My total with 7% sales tax and minus the styling fee was $196. Yikes! Comes to about $40 per item. Some of these were Stitch Fix (affiliate link, thank you!) house brands, and others you can find at places like Nordstrom. I was glad to see “made in USA” on the label of one of my tops.
If you bank with PNC, activate the Stitch Fix offer on PNC Purchase Payback. I jumped in on one offer before it expired and got $10 back on my $20 styling fee, and activated a new offer that popped up for an additional $10 back (which applied toward my purchase). The timing of both worked out to $20 off that Fix, plus 1.75% cash back on my purchase by using that PNC Visa. If you don’t bank with PNC, try Cash Back Monitor to see current extra offers for new customers. Oh, and I would certainly appreciate it if you used my referral link! I’d get $25 credited to my account. Thank you!
I left feedback for my stylist, requested her again, and I turned around and scheduled my 3rd Fix since my wardrobe really could use some help. I was more picky about what I kept. I received pants, a scarf, and three tops. The pants were too tight and I didn’t like the color, the tops were cute but not on me, but I liked the scarf a lot. The scarf was the only thing I kept. You have the option of exchanging for a different size at no charge. The size was fine but I just didn’t love the tops or pants.
For Fix #4, I requested the same stylist. This Fix was another 5/5! I don’t expect that all of the time; I think 1-2 items kept is still doing well. I received white Kut from the Kloth jeans, Henry & Belle skinny jeans in a teal color, two tops (both USA!), and some denim shorts. Nothing was from my Pinboard specifically, although I had very similar styles pinned. The Kut pants are priced the same or better as what I’m seeing on Nordstrom.
I like the clothing I’m receiving and that I’m trying things that I wouldn’t think to pick out on my own, but still feel like me. I like that I do not have to set foot in a store. I really don’t have time to do that on my own, and if I brought kids along…I wouldn’t have the greatest outcome in terms of what I selected for myself. Shopping for clothing in a store just overwhelms me and I don’t enjoy it.
Further, in a store or online, I tend to gravitate toward huge sales and the clearance section because that’s my nature. In doing so, I might miss out on nicer things that sell out quickly. For example, my stylist sent me white cropped jeans, since she saw that I had pinned some similar and she said white sell out fast in their inventory. I believe that, as I have never been able to find white jeans that I liked on my own.
So typically, I browse online and order from some retailer and either keep it or return it on my own. I will still do this for some items, but it does take time to find what I want. Working with a Stitch Fix stylist and their data has them take care of that part, too. Oh, and have you seen the style cards that come with each Fix? They are yours to keep, and I think they are really helpful.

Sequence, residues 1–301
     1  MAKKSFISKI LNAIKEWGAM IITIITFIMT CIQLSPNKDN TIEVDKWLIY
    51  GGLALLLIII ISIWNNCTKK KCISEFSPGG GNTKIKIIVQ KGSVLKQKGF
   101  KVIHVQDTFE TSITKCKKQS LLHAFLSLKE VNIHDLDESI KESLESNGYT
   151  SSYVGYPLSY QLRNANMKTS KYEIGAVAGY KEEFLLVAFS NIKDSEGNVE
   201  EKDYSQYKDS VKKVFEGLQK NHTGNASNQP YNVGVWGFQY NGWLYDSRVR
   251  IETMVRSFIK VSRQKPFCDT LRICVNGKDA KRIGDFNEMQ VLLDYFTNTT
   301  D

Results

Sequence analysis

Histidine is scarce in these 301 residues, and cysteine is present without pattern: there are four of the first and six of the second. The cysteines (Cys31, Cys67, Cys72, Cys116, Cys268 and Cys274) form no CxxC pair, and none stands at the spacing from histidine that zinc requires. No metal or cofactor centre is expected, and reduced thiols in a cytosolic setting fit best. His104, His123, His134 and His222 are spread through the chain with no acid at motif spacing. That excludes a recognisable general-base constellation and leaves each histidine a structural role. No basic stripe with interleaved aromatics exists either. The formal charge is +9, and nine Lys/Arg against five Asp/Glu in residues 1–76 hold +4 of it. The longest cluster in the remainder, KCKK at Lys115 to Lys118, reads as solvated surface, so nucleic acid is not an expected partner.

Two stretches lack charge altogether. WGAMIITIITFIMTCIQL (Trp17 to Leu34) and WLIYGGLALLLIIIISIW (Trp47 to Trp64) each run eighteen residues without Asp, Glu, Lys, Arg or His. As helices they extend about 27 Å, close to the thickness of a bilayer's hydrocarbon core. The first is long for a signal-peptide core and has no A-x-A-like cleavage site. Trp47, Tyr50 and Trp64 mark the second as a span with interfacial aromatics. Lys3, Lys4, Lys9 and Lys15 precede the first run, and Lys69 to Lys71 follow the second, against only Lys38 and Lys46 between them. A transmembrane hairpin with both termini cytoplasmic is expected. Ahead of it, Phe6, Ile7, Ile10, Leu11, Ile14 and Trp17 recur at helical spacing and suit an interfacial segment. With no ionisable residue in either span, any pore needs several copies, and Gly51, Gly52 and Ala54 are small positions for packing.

Check out my Stitch Fix Pinterest board to see some of the items I’ve received and what I’m saving as inspiration.
P.S., Stitch Fix now has a wider range of sizes: maternity, plus (as of February), and men’s.
My Instant Pot
Is the Instant Pot worth the hype? Oh, yes ma’am, it is. I got one when it was on sale last year for around $70ish, and if you set a price alert on CamelCamelCamel, you can be notified the next time there’s a price drop.
I haven’t yet found a cookbook that I love, but check your library to see if there are any good options for you. Here is a chicken and wild rice soup recipe that is delicious (my cousin shared this one with me). Keep your owner’s manual handy for a quick reference to cooking times.
I’ve used it to make rice, soups, stews, and just cooking up meat in a faster way. Frozen chicken breasts can cook up fast, and it regularly saves a day when I fail to plan ahead for dinner time. It is particularly good for inexpensive, tough cuts of meat. I could never get stew meat as tender as I can get it in the Instant Pot when cooking it in my slow cooker or on the stove.
I make hard-cooked eggs in it, and what’s magical about using the Instant Pot is the shells peel without drama. No matter what tricks I try on the stove, peeling eggs ends up taking forever and makes the eggs look battered. Not so with the Instant Pot!
Mine is a 6-qt model, but if you have a large family, I think it is probably worth getting a larger size so you won’t run into capacity issues for really big cuts of meat or a big ol’ pot of soup. I tried doubling the chicken and rice soup recipe and the results weren’t as good. Do not overfill.
I haven’t used my slow cooker since getting the Instant Pot. Not quite ready to get rid of it, but…I think its days could be numbered around here.
Kroger Click List
I’m trying out Kroger Click List as a time and money saver. The first three pick-ups are free and after that, it is a $5 charge. I’m on my 4th pick-up and plan to continue.
You make your list online, use digital or physical coupons, choose your pick-up time, and pull in to a designated parking spot during that time frame. Call the phone number on the sign post in front of you, and someone will wheel out your groceries and load them in your vehicle.
I. Love. It.
I’m an Aldi regular, but when you think about how many times you’re handling an item at Aldi, it just is a bit time-consuming: Grab item from shelf, put in cart, load onto conveyor, bag items, put in vehicle, bring into house, put away. Ugh. Contrast that with Kroger’s service, and I’m bringing in the groceries from my garage I’m putting the item away.
Kroger’s prices are generally pretty competitive, and if I take care to schedule a pickup for when I’m already out running errands, it is a huge time-saver and sanity-saver. Not having to take three kids inside a store? Yeah, there’s cost savings there, too, when you factor in the impulse things that inevitably make their way into my cart.
One weird thing — I ordered one pack of 12-ct chicken drumsticks. They gave me 3 packs, and charged me for all 3. I contacted customer service to let them know (and haven’t heard back). I can handle substitutions since they clear it with you when you check out, but I just don’t need that many chicken legs at once. Hopefully this was an anomaly.
Bonus time-saver: I can access previous purchases and quickly add regulars to my next cart.
How about you? Any sanity savers you’re loving right now?